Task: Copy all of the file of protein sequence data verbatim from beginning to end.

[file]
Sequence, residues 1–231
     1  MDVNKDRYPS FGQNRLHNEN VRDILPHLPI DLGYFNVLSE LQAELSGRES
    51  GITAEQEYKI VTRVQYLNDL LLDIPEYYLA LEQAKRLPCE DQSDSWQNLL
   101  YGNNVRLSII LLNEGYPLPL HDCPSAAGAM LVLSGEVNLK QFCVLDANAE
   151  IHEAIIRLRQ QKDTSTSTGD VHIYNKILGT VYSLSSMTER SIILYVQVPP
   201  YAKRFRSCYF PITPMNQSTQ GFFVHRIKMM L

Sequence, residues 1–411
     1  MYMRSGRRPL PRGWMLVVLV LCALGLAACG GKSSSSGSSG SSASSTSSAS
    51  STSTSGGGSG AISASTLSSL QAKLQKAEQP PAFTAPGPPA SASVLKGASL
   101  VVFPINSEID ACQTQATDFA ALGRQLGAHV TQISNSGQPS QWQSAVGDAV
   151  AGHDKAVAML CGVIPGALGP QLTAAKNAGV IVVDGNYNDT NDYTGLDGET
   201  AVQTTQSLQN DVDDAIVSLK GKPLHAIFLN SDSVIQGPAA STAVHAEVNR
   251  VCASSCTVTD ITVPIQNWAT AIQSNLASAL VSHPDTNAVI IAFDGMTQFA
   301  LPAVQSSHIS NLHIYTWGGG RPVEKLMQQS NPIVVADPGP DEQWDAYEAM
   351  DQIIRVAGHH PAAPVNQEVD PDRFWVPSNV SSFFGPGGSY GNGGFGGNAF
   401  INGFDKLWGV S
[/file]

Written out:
Sequence, residues 1–231
     1  MDVNKDRYPS FGQNRLHNEN VRDILPHLPI DLGYFNVLSE LQAELSGRES
    51  GITAEQEYKI VTRVQYLNDL LLDIPEYYLA LEQAKRLPCE DQSDSWQNLL
   101  YGNNVRLSII LLNEGYPLPL HDCPSAAGAM LVLSGEVNLK QFCVLDANAE
   151  IHEAIIRLRQ QKDTSTSTGD VHIYNKILGT VYSLSSMTER SIILYVQVPP
   201  YAKRFRSCYF PITPMNQSTQ GFFVHRIKMM L

Sequence, residues 1–411
     1  MYMRSGRRPL PRGWMLVVLV LCALGLAACG GKSSSSGSSG SSASSTSSAS
    51  STSTSGGGSG AISASTLSSL QAKLQKAEQP PAFTAPGPPA SASVLKGASL
   101  VVFPINSEID ACQTQATDFA ALGRQLGAHV TQISNSGQPS QWQSAVGDAV
   151  AGHDKAVAML CGVIPGALGP QLTAAKNAGV IVVDGNYNDT NDYTGLDGET
   201  AVQTTQSLQN DVDDAIVSLK GKPLHAIFLN SDSVIQGPAA STAVHAEVNR
   251  VCASSCTVTD ITVPIQNWAT AIQSNLASAL VSHPDTNAVI IAFDGMTQFA
   301  LPAVQSSHIS NLHIYTWGGG RPVEKLMQQS NPIVVADPGP DEQWDAYEAM
   351  DQIIRVAGHH PAAPVNQEVD PDRFWVPSNV SSFFGPGGSY GNGGFGGNAF
   401  INGFDKLWGV S